This photo was taken at eye level and shows the location on the wood pole that is most likely to attract attention from pedestrians, or people passing by in cars who stop briefly at the intersection where a 4-way stop sign scheme forces everybody to pause momentarily. Over the years one or more fasteners (what attaches the paper or plastic message or announcement to the wood) were used and nearly always left behind. The paper or plastic containing news of a lost pet, a yard sale or community event, ballot initiative, or some other informational notice would either be removed by the person who posted it, or by someone else wishing to use the space and finding the old material out of date and ready to be removed. Other times the natural force of wind, rain, freezing-thawing cycles, and the power of sunlight to fade the ink and weaken the material resulted in the message parting from the fasteners holding it in place. So this graveyard of staples, nails, tacks and pushpins, tape, and brads shows the many seasons of communications at this corner. It is a kind of palimpsest of the years gone by.

Expanding on this idea it is possible to see the world not just for what it presents at the moment of observation, but also to consider the frame of view as containing the accumulated traces of past activity, lives, dreams, intentions, and reactions. In other words, when you accept the idea of palimpsest then your vision expands beyond the present and seeks out signs of other times – things from before that have been repurposed and integrated to the modern day uses, or things fragmented and left by the wayside, unnoticed or uncared for by today’s habits and residents. To fast forward the scene and identify the seeds of future developments is a bit more speculative and stretches the imagination more than the look backwards in time requires, but there, too, it is a kind of palimpsest. In this way the 1993 quote attributed to Sci-Fi author, William Gibson, fits in: “The future is already here — it’s just not very evenly distributed.”

source, https://en.wikiquote.org/wiki/William_Gibson


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Guide to life – look ahead, look around, look back

photo of walking path at Holyrood Park, Edinburgh

Looking forward on one’s path, often head down and mind preoccupied

Walking along the perimeter to a part of the Edinburgh’s Holyrood Park, some wonderful views of the city, the North Sea, and the hillside itself came into focus. Treading the well traveled path where grass had largely been turned to packed dirt, I would stop periodically to shift my focus from the ground surface and nearby 10 to 20 feet ahead of my way. This seemed to be analogous to one’s path through life itself in which most people fall into a routine for workdays and weekends. People keep on the path and are alert to changes only within the smaller arena of their routines, very seldom looking up or looking back. So one lesson of this morning’s walk is to pause from time to time in one’s routine day or one’s stage in life, or indeed within the complete arc of a lifetime and possibly going even wider to encompass the host of ancestors that one forms a part of. In this pause is the chance to look up and to look back instead of pressing ever onward, eyes fixed to the immediate conditions.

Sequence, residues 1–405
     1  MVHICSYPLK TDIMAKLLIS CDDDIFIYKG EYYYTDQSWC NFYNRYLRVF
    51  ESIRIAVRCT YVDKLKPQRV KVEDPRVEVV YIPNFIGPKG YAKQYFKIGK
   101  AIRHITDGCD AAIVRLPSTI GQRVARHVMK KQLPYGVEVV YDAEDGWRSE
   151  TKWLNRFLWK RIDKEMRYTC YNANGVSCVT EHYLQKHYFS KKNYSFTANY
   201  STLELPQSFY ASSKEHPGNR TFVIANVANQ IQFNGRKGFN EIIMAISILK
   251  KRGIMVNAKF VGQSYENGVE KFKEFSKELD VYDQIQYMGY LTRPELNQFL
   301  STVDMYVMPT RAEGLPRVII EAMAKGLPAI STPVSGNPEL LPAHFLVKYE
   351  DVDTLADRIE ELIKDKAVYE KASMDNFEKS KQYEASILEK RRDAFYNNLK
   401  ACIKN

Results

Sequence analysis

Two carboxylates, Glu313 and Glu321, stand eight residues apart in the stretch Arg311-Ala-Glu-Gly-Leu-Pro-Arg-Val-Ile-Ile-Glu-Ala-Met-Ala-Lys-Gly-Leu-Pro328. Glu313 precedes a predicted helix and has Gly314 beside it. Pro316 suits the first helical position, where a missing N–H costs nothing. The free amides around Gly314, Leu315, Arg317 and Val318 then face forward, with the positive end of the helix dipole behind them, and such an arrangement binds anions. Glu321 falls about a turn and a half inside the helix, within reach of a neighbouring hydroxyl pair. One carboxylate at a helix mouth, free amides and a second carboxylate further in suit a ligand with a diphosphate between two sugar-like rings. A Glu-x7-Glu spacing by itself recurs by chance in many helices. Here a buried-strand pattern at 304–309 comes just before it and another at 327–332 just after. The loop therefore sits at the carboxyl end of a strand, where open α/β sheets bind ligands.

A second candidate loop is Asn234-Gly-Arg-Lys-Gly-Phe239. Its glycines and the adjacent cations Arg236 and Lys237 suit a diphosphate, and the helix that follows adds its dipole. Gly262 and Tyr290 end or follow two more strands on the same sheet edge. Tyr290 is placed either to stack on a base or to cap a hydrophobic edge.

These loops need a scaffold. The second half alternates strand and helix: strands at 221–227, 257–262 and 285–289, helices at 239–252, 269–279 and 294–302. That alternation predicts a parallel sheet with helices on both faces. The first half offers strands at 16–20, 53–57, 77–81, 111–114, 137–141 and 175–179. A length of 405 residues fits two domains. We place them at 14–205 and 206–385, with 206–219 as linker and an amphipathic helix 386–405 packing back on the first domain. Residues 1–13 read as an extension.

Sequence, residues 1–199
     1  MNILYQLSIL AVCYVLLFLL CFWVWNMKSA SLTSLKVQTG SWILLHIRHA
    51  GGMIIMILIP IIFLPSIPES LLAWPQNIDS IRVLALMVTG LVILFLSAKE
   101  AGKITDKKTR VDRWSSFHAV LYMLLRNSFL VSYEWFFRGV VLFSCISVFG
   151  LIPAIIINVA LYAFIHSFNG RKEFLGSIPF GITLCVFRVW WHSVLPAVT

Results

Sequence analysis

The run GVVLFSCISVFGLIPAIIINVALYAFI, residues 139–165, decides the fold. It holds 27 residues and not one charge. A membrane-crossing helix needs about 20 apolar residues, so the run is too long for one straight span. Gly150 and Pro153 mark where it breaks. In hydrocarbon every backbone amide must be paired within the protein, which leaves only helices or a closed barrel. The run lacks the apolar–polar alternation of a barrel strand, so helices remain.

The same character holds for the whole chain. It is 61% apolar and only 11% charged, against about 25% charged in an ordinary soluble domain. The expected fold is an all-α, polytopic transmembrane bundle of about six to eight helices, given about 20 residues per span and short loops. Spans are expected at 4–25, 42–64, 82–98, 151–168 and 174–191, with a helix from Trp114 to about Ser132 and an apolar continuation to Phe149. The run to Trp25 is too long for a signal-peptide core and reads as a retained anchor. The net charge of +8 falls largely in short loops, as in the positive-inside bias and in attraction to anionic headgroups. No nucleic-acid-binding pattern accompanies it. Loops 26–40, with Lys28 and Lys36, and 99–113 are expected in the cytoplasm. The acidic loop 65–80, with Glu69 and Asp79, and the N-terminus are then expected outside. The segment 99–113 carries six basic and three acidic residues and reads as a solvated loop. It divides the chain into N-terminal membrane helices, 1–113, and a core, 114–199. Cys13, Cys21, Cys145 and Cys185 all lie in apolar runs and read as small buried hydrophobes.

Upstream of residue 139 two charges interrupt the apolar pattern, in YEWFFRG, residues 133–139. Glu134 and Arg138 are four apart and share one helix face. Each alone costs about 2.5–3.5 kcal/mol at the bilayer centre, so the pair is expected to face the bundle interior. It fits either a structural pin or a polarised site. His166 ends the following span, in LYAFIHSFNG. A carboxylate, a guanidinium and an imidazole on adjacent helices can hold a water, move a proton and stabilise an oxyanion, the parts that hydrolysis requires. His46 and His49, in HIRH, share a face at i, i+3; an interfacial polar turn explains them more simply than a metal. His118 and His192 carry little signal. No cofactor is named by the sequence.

slope of Holyrood Park

same path but now turning to look up from trail

trail at Holyrood Park, turning to view the landscape behind

same path but now turning to look back

The other insight coming from the morning walk concerns preoccupation; this time not the field of focus, but instead what fills one’s mind. Some of the individuals walking or running displayed earphone cords dangling to phone or music player, either moving to a soundtrack of one’s choosing, or perhaps radio broadcast, or selected podcast that holds the person’s attention. As an outsider or visitor, the physical and social environment is a novelty, something fresh and able to hold one’s attention. But for a nearby resident who is commuting to work or school, the separation between home and destination, between one’s own time, and the time that is being paid by employer is a sort of emptiness which can usefully be filled by recorded or streamed electronic content.

The result is a disconnection between the things going on all around the person (weather, history, animals and plant cycles) and what preoccupies the person’s mind. In other words, a person rooted to a place may be blind to its wonder. But a person not native to the place may be blind, deaf, and dumb to the wonder and meanings, too. Perhaps the most vivid experience filled with meanings and possibilities comes from the perspective of a person who has gotten acquainted with the people and places but who is not yet taking for granted the sights and sounds that the long-time resident may be ignoring or seeing past.